Each week I do a round up of everyone’s contributions. I post this on Mondays (late Mondays, not early! so look for it in the evenings Arizona time between 11pm and midnight. I am not a morning person. ). I was going to do it on Saturdays but it turns out it’s not a good evening for me. The writing prompt is for the week, so that you’ll have a week to come up with a haibun.

I’ll write a haibun for this challenge too tomorrow. I figure why write haibun alone? It’s always more fun to share a journey with companions.I hope you will join me and look forward to your writing.

Basho’s Journey: The Literary Prose of Matsuo Basho

What is a haibun?

A haibun is a short prose paragraph followed by a haiku/senryu. The paragraph can be one’s thoughts, a travel journal, a diary entry, an essay or even a short story. Basho, a monk in Japan, wrote the first haibun in 1690. I liken it to impressionism: it’s something you capture in the moment through writing, fleeting as the moment changes, imperfect but authentic.

I’m inviting you to write a short paragraph and a haiku inspired by the prompt. The inspiration may be a word, a phrase, a sentence or the whole paragraph from the prompt. One person might take “time to sweep the cobwebs from my broken house” and write about an abandoned building.
Early Modern Japanese Literature: An Anthology, 1600-1900 (Abridged Edition) (Translations from the Asian Classics (Paperback))

Classical Japanese Prose: An Anthology
Another person may be inspired by the haiku. Another person may take the word “rambling” to describe their most recent travel. Go with whatever inspires you.

In case you are interested this is a audio reading from Basho’s “Narrow Road to the North” in Japanese by kaseumin (first audio of 5; Chapters 1 thru 9) made available through the Gutenberg Project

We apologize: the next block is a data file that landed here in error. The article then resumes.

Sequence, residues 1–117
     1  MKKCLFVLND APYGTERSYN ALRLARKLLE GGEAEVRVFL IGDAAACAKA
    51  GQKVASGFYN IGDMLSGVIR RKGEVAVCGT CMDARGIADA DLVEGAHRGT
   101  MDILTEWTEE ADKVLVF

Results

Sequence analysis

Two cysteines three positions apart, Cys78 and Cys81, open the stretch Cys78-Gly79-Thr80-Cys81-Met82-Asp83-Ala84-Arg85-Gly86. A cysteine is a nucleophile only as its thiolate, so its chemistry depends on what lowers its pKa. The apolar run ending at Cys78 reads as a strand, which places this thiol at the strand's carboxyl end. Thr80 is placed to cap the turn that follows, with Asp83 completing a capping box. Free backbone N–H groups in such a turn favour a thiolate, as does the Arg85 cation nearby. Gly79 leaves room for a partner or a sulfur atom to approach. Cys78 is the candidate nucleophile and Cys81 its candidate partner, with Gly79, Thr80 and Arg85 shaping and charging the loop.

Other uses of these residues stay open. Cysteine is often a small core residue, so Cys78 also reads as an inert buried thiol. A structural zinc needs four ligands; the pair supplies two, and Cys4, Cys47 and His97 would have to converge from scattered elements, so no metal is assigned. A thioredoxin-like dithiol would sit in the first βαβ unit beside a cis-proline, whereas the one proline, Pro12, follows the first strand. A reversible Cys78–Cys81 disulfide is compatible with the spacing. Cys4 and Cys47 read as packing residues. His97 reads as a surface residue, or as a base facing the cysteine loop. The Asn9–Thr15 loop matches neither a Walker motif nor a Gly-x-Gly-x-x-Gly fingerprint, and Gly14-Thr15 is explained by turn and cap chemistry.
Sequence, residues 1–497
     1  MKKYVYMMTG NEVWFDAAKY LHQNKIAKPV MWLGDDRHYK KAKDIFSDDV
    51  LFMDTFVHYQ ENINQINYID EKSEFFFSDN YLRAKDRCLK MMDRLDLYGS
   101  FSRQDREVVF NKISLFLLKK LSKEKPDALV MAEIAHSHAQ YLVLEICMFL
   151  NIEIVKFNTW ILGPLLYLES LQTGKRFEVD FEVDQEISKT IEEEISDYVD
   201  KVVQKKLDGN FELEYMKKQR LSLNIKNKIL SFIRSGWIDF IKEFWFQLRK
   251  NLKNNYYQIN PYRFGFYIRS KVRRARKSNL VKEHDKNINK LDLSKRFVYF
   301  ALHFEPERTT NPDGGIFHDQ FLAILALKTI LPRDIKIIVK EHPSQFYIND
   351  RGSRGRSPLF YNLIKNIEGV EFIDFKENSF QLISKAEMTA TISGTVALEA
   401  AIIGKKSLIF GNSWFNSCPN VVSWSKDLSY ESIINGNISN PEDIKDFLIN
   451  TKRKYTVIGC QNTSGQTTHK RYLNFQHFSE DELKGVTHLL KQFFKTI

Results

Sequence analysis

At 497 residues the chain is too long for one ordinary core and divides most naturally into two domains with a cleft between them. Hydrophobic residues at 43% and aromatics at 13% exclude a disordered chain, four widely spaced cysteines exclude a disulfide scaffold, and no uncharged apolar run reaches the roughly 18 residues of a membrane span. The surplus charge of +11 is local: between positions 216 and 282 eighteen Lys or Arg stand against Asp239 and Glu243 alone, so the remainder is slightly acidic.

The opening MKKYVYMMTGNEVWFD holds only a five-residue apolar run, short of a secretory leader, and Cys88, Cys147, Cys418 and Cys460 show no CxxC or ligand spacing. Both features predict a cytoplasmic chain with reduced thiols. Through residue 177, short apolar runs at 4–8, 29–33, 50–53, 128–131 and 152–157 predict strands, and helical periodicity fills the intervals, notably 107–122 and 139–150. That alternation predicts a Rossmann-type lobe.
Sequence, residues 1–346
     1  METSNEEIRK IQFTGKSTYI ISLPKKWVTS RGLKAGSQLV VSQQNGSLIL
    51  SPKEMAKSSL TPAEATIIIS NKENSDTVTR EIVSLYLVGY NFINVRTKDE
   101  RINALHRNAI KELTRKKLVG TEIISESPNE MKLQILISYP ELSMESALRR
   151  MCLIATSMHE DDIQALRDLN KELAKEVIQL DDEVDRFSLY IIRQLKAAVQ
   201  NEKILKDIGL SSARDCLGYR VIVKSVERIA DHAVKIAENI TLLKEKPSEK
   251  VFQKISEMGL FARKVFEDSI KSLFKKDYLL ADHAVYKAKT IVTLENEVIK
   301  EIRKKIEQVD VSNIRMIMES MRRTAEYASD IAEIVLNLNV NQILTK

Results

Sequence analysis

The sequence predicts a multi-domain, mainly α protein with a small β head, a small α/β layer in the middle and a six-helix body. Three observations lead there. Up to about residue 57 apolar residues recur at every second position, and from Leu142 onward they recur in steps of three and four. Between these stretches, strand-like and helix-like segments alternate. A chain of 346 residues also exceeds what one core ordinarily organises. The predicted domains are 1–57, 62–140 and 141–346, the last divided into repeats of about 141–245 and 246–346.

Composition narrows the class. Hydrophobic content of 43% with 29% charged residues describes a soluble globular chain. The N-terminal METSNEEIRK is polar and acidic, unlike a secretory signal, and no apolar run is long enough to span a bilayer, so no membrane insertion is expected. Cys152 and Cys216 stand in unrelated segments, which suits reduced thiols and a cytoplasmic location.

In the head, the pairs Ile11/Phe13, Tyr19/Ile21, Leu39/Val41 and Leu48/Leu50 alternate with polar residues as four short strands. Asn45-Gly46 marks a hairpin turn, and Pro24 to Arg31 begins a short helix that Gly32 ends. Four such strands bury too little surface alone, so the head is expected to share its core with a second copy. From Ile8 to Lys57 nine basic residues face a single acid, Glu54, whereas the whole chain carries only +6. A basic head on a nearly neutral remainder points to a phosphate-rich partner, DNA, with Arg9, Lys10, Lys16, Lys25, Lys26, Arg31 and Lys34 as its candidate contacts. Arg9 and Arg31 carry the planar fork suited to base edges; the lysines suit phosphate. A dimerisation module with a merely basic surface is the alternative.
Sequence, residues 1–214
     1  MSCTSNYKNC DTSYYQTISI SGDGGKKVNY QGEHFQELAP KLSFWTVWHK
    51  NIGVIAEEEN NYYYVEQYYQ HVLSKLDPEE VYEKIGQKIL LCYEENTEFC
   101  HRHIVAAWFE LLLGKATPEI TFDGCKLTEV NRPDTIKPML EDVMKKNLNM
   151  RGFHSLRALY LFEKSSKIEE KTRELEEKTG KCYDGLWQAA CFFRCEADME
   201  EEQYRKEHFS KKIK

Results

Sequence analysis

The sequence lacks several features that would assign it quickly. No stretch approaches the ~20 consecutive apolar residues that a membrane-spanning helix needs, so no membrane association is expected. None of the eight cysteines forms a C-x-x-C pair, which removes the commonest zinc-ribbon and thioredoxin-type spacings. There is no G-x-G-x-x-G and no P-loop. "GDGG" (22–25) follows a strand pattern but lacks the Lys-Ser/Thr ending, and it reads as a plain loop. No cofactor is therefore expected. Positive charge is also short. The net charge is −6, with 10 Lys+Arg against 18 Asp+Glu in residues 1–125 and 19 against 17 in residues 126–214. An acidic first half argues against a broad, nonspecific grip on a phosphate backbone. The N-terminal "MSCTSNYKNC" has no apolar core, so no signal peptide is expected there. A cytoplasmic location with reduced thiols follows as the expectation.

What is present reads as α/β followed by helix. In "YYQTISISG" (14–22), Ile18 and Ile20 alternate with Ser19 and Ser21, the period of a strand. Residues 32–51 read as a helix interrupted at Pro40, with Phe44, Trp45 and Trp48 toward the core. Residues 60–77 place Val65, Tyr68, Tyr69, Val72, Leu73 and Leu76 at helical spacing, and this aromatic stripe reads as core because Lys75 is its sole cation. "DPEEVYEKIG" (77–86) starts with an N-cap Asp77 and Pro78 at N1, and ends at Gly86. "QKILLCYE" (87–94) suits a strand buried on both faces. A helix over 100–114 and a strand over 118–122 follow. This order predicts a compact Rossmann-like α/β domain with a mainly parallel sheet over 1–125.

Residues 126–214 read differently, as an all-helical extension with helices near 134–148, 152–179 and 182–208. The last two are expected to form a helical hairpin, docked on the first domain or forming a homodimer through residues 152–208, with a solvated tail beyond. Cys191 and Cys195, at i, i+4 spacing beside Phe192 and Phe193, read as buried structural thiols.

Matsuo Bashô: Oku no Hosomichi (Nine Translations of the Opening Paragraph), Bureau of Public Secrets

Narrow Road to the Interior: And Other Writings (Shambhala Classics) (translator Sam Hamill)

Basho’s Journey: The Literary Prose of Matsuo Basho (translator David Landis Barnhill )

Basho’s Haiku: Selected Poems of Matsuo Basho(translator David Landis Barnhill )

Classical Japanese Prose: An Anthology (translator: Helen Craig McCullough)

The Narrow Road to the Deep North and Other Travel Sketches (translator Nobuyuki Yuasa)

Basho’s Narrow Road: Spring and Autumn Passages (Rock Spring Collection of Japanese Literature) (translator: Hiroaki Sato)

Links are to the books on Amazon (I’m an affiliate but it’s also easy to find book titles there).

You can use the Amazon search bar to do any search at Amazon. This time I tried several different things with no results. Interestingly “temple” did get results but not “temples”. The Unganji temple is in Tochigi prefecture, Japan so I gave “tochigi” a whirl and here we are.

Amazon disclosure: “We are a participant in the Amazon Services LLC Associates Program, an affiliate advertising program designed to provide a means for us to earn fees by linking to Amazon.com and affiliated sites.” Your price remains the same.